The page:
The women will take center stage Wednesday as they showcase their impressive tricks and high-flying stunts on the halfpipe.
Snowboarding has been a relatively new addition to the Winter Olympics roster. While it was met with some initial disapproval from traditionalists, it has grown in popularity since it was first included in the Games at Nagano in 1998.
In the halfpipe event, the athletes are judged on several different factors as they perform on the concave course. Creativity, difficulty, precision and the intangible "wow" effect are some of the factors the judges consider.
The men's side of Olympic snowboarding has superstar Shaun White. His female counterpart is Kelly Clark, who has been a dominant force on the halfpipe for the better part of a decade.
After qualifying for the Sochi Games early in December at the Dew Tour in Breckenridge, Colo., the 30-year-old snowboarder put on a tour de force Olympic preview at the X Games in Aspen in January, giving the world a taste of what to expect in Sochi.
Clark took home her fourth consecutive X Games gold medal, though her biggest rival for the top spot on the Olympic podium, reigning Vancouver gold medalist Torah Bright, sat out the show in Aspen.
Will Team USA continue to dominate?
Since snowboarding joined the Winter Olympics, there have been 12 potential halfpipe medals available. The ladies from Team USA have taken home six of them. The powerhouse performances have been mirrored on the men's side of the team as well.
In the women's slopestyle event, Jamie Anderson lived up to the hype and took the gold for the United States.
Who is the top halfpipe athlete on Team USA?
Kelly Clark and Hannah Teter both have two Olympic medals. Clark took the gold at Salt Lake in 2002 and the bronze at Vancouver at 2010. Teter was a gold medallist at Turin in 2006 and earned the silver at Vancouver. Both women have an impressive legacy behind them and will try to add to that in Sochi.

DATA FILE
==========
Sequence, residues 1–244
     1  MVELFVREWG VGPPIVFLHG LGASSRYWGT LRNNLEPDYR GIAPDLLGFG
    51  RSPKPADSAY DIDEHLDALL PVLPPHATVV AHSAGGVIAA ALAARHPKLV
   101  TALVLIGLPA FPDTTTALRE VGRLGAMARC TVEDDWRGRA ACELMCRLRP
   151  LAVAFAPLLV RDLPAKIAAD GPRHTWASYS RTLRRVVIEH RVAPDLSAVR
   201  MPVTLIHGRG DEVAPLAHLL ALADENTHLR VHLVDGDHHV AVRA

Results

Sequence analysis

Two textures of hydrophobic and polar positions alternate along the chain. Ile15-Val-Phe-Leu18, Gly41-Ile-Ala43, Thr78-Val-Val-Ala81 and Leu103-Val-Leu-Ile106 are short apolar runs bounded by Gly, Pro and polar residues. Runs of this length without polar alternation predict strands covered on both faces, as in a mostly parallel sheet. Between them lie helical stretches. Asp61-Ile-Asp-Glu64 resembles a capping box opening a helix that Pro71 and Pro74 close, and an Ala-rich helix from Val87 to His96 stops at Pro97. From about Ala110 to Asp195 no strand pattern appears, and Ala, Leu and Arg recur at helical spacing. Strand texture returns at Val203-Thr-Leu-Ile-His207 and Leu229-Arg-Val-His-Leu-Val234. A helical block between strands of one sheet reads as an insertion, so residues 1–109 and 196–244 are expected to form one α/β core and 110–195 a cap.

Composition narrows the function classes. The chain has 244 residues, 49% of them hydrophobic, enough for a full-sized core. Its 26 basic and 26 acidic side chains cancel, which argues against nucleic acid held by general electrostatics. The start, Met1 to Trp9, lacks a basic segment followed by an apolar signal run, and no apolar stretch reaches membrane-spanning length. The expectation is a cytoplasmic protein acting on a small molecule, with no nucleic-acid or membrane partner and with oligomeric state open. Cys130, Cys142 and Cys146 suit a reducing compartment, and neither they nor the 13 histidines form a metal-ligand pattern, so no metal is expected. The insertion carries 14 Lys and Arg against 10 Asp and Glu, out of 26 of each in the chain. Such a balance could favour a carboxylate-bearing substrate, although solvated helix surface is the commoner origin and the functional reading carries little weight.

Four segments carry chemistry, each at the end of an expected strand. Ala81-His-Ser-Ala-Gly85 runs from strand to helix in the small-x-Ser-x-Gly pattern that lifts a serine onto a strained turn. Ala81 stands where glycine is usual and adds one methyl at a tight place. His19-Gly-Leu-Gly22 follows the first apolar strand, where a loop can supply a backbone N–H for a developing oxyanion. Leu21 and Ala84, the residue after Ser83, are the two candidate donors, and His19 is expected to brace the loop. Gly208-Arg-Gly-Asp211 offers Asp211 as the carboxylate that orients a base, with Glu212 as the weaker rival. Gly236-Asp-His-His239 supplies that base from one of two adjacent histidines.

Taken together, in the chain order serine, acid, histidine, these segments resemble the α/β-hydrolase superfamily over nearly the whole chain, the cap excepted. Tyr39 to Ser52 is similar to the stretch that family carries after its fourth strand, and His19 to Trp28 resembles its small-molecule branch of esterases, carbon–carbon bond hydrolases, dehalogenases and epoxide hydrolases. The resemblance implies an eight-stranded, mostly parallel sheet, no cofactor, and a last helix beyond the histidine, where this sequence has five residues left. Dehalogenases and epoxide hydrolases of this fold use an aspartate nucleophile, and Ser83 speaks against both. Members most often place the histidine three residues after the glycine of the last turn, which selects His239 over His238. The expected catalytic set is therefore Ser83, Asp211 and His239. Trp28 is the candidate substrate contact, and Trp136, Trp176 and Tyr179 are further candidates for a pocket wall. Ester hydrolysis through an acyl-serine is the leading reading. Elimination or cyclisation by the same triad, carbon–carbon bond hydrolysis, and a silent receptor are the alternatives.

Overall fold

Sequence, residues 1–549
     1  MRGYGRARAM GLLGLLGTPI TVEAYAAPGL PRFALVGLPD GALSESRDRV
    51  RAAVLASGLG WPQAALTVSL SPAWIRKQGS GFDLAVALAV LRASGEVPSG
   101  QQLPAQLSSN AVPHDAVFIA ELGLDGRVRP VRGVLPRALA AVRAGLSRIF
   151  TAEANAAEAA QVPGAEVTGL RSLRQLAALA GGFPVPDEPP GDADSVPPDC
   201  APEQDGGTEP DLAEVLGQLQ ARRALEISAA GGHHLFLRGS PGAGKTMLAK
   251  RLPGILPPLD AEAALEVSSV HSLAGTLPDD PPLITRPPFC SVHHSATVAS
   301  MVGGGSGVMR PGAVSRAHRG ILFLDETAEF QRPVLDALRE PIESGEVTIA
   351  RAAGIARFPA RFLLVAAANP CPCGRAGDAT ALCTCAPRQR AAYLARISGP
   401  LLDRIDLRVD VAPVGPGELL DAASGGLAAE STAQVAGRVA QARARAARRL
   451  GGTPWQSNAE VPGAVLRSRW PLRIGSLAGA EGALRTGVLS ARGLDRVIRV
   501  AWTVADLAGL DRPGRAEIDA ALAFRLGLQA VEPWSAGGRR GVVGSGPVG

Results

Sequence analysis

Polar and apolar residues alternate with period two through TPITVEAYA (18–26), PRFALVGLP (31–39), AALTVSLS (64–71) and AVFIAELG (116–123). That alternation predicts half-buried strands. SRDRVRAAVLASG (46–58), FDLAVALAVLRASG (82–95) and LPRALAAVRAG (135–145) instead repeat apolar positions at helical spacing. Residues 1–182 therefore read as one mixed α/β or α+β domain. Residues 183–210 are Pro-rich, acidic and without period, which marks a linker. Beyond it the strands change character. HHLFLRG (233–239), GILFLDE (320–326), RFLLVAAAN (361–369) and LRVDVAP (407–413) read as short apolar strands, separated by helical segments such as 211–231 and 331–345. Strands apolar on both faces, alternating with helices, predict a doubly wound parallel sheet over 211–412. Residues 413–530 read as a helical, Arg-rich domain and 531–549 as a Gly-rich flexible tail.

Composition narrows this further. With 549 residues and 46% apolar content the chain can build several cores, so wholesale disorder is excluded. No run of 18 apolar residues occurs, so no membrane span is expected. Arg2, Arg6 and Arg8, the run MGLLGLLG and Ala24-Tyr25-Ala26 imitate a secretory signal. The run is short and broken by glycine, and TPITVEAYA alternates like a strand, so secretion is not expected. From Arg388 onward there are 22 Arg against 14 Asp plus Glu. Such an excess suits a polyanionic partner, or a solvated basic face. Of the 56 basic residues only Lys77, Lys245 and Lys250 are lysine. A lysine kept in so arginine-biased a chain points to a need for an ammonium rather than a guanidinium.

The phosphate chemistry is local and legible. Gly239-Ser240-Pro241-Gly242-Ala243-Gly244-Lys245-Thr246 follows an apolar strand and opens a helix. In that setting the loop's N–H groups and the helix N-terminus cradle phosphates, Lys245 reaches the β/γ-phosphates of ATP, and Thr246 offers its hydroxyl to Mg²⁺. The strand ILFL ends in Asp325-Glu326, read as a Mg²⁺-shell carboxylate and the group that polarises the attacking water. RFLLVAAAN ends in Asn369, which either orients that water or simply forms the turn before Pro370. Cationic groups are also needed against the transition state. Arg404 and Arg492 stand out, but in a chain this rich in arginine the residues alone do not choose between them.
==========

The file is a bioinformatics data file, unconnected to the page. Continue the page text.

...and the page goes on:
Clark is the clear-cut favorite to take home the gold medal in Sochi after a strong showing at the 2014 X Games in Aspen. The veteran athlete is always a top contender for a medal, but after her scintillating display at the X Games, she appears to be on the very top of her game.
Though her performance in the slopstyle event was average, leading to a seventh-place finish, Bright's real strength is on the halfpipe. The 27-year-old Australian defied gravity in Vancouver with a remarkable switch backside 720, which, according to the Australian Olympic team website is a "a double spinning manoeuvre performed by no other woman." She is no stranger to Olympic success and is a top contender to watch.
Also representing Team USA is 17-year-old Arielle Gold. She will be making her Olympic debut and has been holding her own against much older and more experienced rivals. Gold may be part of the next generation of Team USA snowboarding stars.
Despite two Olympic medals to her credit, including a gold at Turin in 2006, Teter has been largely overlooked heading into the Sochi Games. Though she may not be at the peak of her game, as she was when she took home the gold, Teter can be a dominant force on the halfpipe and should not be forgotten.
Groenewoud is one of the most stylish athletes on the halfpipe. She also is competing in memory of her friend, a pioneer of the sport, Sarah Burke. The Canadian athlete could medal but has been in the shadow of the highly publicized and popular Team USA.
Team USA has been racking up the medals in both the men's and women's competitions in the slopestyle event. The popular Kelly Clark and Hannah Teeter will try to keep that trend going.
Gold: Kelly Clark (USA)
Silver: Torah Bright (AUS)
Bronze: Hannah Teter (USA)